Strictly speaking LXDE isn’t a window manager but a desktop environment, using Openbox as a window manager (alternatively you can swap in other window managers). Openbox allows you to show the LXDE desktop menu on right-click (right-click on the desktop to edit this option). Unfortunately, once I turned this on, I couldn’t find an option in the Openbox configuration editor to turn it back off! Still, it’s a useful enough menu. It would be more useful, though, if it were easier to add applications to the Applications sub-menu. It seems that the only way to do this is either to edit /usr/share/lxde/openbox/menu.xml, or to copy that file somewhere in your home directory, edit it there, and change the reference in ~/.config/openbox/lxde-rc.xml. This isn’t that hard for experienced Linux users, but it’s not exactly user-friendly, and still less so as I had to dig around to find that out.

As you can see from her last sentence in that paragraph, she gives folks pretty much the same warning as I did above. LXDE is not really for the new Linux Explorer. You might need a wee bit of Linux experience under your belt or you’ll find it a bit frustrating and too minimalistic for your comfort.

Checking out the default apps on the bottom bar, I found that the file browser, PCMan, started up fast, and has a useful left-hand pane showing the filesystem.

PCMan is actually a very cool file manager application. It’s similar to Thunar, but has some advantages that Thunar does not possess… tabs, for one.

LXDE is certainly extremely fast, and according to its own CPU monitor, uses very little CPU. However, its configurability is less convincing – some options don’t seem to work properly, and others require you to directly edit an XML file, which is not something I really expect from a modern graphical desktop environment. (Having said that, the fact that the config files are easily human-readable is definitely a plus point!).

Again, not really for folks with heavy preferences for graphical tweaking. LXDE does require some editing (text and XML) to achieve certain configurations and customizations. One annoyance that I found right off was that if you allow PCMan to manage the desktop, it will change and display your wallpaper as you want, but it will NOT let you remove the desktop icons. I don’t like icons on my desktop, so I had to forego allowing PCMan to manage my desktop in LXDE. Instead, I ended up using the image application Feh to do that chore.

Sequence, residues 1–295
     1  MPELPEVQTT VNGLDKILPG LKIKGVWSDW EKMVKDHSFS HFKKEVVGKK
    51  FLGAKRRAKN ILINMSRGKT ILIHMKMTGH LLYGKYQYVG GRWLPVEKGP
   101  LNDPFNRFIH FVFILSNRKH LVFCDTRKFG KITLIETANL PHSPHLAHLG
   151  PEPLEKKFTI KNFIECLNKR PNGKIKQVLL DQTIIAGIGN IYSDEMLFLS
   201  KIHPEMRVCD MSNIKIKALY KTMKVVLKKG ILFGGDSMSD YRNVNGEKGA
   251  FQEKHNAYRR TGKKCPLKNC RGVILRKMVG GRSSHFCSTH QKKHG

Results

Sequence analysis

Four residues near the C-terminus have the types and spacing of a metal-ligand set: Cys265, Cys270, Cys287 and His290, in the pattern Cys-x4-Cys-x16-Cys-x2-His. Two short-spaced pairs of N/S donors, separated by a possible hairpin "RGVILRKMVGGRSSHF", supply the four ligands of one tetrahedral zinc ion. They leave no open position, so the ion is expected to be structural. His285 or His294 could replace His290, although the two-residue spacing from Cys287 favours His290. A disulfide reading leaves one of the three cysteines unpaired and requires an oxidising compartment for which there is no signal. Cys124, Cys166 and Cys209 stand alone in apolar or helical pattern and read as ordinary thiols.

Even with an odd inconvenience or two, LXDE is still a righteous desktop environment. Give it a shot when you get a chance.

Have fun while exploring your Linux world!

Until next time, folks…


*Ms. Kemp’s entire article at Linux Planet can be read by clicking HERE.

Graphical Boot-up? I Don’t Think So

It’s a Slackware thing, baby. Real Slackers don’t use a graphical boot-up screen.

Ever since I can remember, I’ve modified my /etc/inittab in every distribution I use to boot-up using runlevel 3 as the default. This gives you full multi-user with no X running. Why do I do it this way? Well… it’s COOL! Seriously though, I just prefer it and it serves some practical purposes, also.

Even though I started my Linux journey a few years ago with Ubuntu, I had Slackware up and running as my primary operating system shortly thereafter. You might even say I cut my Linux teeth on Slackware. This is the Slackware way… lightness of being, simplicity, efficient use of resources.

I do a lot from the command line in most of my distros. I just find it easier to start off with no X running in case I do have system chores that need doing, like updating or editing config files for some reason or another. Command line? Bet you thought that went out with octal machine code, huh? Well, it didn’t.

The command line still offers a FAST way to perform functions within the operating system. But hey… it’s not for everyone. It’s a great skill to have at least a passing knowledge of, but you can be perfectly content as a 100% GUI penguin. Nothing wrong with that. Linux ain’t about dictating how you do things. It’s ALL about giving you choices and options to get your work done.

If you feel the need to explore the dark side of Linux, the command line interface, you can modify your /etc/inittab configuration file to boot you into runlevel 3 as a default, as I do. Once you’re done with your stuff and want your graphic interface up and running, just type “startx” at the prompt (no quotes). This command will start the X Window System on your Linux.

In some rare cases, where you’re using certain windows managers/desktop environments, the startx command will not work. You’ll need to know the specific command to launch your graphical interface. For instance, in my Sidux installation, which uses LXDE/Openbox desktop environment/windows manager, I have to type “startlxde” (again without quotes) to fire up the graphic interface. 99% of the time, though, startx will work.

For more information in the /etc/inittab file and runlevels in Linux check out Sandra Henry-Stocker’s recent piece over at ITWorld : Unix How-To: the Linux /etc/inittab file

Have FUN while you’re learning.

Until next time, folks…